Female soldiers were first announced for Call of Duty: Black Ops III in the game’s announcement trailer. A recent preview by GameSpot’s Chris Watters stated that Black Ops III “is the first CoD game that allows the player to choose the gender of the campaign protagonist, and while there is separate voice acting for both male and female characters, the script is roughly the same.” While 2013’s Call of Duty: Ghosts was the first CoD game to bring playable female characters into the game, this was only available in the multiplayer section of the game. Black Ops III allows players to experience the campaign through a woman’s eyes, and that is an extremely exciting feature.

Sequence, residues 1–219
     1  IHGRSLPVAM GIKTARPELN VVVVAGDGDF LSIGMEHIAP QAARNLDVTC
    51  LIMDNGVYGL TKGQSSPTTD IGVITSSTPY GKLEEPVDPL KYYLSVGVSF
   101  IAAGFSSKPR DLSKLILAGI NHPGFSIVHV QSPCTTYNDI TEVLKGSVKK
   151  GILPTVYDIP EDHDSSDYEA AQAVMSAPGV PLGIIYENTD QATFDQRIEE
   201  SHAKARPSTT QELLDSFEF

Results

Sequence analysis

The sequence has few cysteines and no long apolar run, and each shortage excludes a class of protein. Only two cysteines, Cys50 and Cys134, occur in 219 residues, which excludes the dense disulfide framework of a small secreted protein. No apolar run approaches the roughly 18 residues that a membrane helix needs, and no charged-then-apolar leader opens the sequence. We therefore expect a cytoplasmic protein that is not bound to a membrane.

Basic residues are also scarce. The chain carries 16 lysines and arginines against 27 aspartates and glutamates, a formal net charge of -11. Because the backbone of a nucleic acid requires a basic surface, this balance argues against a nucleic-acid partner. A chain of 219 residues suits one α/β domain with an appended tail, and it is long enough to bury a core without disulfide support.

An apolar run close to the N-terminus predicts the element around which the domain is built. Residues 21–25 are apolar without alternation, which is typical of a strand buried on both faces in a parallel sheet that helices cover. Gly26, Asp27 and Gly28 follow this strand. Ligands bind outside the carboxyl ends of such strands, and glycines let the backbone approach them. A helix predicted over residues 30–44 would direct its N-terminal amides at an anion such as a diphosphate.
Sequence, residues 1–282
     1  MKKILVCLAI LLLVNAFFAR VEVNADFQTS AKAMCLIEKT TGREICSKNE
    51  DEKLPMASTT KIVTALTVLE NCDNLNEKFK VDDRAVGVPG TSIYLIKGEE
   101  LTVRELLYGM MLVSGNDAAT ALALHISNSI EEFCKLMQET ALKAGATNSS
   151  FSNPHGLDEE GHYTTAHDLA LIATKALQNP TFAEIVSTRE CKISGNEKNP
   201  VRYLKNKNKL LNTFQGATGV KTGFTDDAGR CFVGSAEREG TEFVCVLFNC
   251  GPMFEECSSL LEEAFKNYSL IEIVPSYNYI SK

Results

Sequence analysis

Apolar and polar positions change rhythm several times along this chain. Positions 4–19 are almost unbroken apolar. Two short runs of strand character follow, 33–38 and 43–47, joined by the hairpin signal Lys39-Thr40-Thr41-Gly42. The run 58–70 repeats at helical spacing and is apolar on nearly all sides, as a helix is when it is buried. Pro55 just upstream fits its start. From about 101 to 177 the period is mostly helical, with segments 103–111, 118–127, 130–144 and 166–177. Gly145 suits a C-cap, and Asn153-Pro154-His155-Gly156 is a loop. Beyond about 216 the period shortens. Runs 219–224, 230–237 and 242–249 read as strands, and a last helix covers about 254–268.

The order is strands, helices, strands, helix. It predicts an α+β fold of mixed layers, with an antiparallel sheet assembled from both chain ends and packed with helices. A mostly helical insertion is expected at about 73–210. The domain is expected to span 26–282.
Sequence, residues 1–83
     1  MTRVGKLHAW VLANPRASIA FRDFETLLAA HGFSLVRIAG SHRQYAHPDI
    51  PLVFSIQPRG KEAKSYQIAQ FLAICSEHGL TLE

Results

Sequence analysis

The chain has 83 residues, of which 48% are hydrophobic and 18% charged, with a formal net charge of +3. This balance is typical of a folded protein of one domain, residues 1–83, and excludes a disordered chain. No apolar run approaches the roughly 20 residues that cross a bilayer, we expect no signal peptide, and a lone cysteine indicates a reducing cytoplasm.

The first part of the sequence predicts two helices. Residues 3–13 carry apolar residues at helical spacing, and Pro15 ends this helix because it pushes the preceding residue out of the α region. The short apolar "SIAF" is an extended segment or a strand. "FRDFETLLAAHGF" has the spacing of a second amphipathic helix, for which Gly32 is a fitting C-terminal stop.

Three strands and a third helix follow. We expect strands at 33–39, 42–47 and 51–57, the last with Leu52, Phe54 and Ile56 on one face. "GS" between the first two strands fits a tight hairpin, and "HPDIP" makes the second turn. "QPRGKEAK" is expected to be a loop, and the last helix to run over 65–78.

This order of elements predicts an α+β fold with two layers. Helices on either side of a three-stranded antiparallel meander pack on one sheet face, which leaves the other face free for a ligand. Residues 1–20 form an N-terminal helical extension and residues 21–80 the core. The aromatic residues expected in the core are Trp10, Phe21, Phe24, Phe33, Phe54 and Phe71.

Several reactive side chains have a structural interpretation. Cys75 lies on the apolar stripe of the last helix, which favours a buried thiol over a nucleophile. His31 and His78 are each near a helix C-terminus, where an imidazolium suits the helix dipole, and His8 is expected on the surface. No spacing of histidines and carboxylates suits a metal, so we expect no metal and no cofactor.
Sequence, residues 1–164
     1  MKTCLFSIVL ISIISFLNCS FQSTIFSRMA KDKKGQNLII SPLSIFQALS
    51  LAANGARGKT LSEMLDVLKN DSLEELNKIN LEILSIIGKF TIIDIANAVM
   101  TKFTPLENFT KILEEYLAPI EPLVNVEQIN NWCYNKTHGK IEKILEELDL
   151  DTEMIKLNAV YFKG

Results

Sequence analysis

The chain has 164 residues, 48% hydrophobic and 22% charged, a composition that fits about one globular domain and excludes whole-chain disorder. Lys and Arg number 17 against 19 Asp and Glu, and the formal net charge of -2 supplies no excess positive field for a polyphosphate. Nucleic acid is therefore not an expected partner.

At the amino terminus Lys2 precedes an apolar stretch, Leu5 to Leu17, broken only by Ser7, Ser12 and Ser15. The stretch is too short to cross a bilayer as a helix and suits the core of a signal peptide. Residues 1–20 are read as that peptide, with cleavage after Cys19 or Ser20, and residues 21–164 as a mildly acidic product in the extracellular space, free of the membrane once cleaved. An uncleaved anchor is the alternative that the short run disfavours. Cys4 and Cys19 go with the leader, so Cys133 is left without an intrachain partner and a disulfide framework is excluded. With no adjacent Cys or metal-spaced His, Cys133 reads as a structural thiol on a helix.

Game developers have obviously been working on integrating women into their games, and both Mojang and Treyarch deserve the credit that they’re getting. However, the problem here is that a playable female character is news – it’s abnormal. The final reveal in Metroid is still seen as one of the most important and shocking moments in gaming, because it never crossed anybody’s mind that Samus was anything but male. Since then, we’ve seen mostly male protagonists. There are quite a few exceptions that have done especially well. Many RPGs (The Elder ScrollsFalloutDragon Age, Mass Effect, World of Warcraft, Neverwinter, etc.) have allowed female players to play through deep and exciting stories as characters that they can personally identify with. Having the choice between a male character and a female character also provides more role-playing opportunities for players of any gender identity. Games like The Last of UsBorderlandsResident Evil, and Alien: Isolation have shown gamers that female characters can be strong and fierce, just like male characters. The recent Tomb Raider re-boot transformed Lara Croft from a pixelated sex symbol into a role model. This is exciting! Things are slowly getting better in some aspects. However, if we want to take this issue seriously and inspire change, we need to keep discussing it – and discussing it means also talking about ways that the situation is not getting better.